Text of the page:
No one likes to be the bearer of bad news, especially in the workplace. But when it comes to your career, tough decisions need to be made.
We say: accept that exciting job offer — your current employer will be OK.
There seems to be a misconception that handing in your resignation means severing important working relationships. The real secret? It’s all about how you do it. Here are four steps to resign from your job that are sure to make the transition as smooth as possible, all while keeping your reputation in the industry intact.
1. Notify Your Manager First
Sorry, procastinators — ripping off the Band-Aid is your best bet in this scenario. The first person you need to notify is your manager. If you work at the same location, in-person is always the better option, but over-the-phone is also an alternative. The conversation should focus on the positive, highlighting the new opportunity’s selling points and your willingness to assist with the changeover process. This shows to your employer that you respect them and their time, and don’t want to leave the company in a bind.
Pro tip: Be prepared for a counteroffer and make sure you consider its ramifications down the road.
2. Give Enough Notice and Put it in Writing
Sure, the general rule is two weeks advance notice, but that can change with the complexity of the role. If you’re in higher-level management, a longer transition period may be needed to help train or find your replacement.
When it comes to the resignation letter, bring it with you to that initial meeting with your boss or attach it to an email after the phone call. It should include the following:
- Date of the last day you plan to work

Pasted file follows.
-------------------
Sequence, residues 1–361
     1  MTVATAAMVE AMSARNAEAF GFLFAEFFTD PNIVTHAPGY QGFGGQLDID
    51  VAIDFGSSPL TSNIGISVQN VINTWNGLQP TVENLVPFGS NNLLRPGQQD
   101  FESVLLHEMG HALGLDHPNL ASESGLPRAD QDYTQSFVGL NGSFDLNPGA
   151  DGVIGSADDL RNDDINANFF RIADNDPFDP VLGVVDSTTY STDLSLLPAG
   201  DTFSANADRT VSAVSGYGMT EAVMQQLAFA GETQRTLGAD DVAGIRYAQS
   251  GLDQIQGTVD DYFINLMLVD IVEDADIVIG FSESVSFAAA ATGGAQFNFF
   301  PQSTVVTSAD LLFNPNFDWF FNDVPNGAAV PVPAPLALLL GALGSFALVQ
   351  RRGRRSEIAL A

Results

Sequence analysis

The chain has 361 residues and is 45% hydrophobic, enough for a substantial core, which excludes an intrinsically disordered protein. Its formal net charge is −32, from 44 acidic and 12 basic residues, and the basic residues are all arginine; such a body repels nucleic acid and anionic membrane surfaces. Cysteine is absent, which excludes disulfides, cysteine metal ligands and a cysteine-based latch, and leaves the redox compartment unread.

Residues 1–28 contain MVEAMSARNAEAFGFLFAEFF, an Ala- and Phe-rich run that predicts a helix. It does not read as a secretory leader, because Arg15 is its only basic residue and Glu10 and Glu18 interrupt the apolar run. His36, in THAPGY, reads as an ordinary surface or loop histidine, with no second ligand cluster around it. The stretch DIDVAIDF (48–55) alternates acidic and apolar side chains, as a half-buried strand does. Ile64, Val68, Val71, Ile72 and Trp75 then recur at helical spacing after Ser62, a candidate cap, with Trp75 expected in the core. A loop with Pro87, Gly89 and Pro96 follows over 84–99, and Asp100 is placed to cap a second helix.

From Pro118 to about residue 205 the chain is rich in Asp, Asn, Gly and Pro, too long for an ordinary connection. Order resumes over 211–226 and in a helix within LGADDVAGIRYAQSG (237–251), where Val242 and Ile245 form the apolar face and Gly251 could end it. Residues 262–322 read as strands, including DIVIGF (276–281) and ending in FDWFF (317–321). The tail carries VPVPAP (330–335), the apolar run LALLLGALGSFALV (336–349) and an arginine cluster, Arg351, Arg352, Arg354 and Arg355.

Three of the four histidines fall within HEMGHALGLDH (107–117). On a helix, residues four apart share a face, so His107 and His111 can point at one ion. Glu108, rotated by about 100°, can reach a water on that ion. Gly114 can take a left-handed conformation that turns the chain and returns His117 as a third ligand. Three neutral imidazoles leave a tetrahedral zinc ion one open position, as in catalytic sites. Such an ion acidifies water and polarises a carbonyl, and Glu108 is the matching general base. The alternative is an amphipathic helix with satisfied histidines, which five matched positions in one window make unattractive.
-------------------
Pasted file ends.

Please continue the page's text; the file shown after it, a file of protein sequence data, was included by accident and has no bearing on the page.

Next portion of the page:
- Reason for leaving (doesn’t have to be too specific — just that you’re accepting another position at a new company)
- Share your appreciation for your time working at the company and any other true remarks about your experience
3. Finish Your Stay Strong
If you’re leaving to work for a competitor, sometimes employers prefer you don’t stick around and will immediately escort you out. Don’t take this personally; it’s business, after all. But if you do complete your notice period, make it count. Document important processes that will be useful to the position’s successor, relay noteworthy information to colleagues and wrap up any outstanding assignments or projects, if possible.
Pro tip: Retaining a positive attitude — even if difficult — is a must. The payoff will be worth it.
4. Prepare for the Exit Interview
These can be tricky, especially if you want to keep the possibility of working at the company in the future an option. Be honest about your experience, but avoid emotional outbursts or personal attacks on management. Keeping in touch with key team members is also essential, as you never know where your career will take you.
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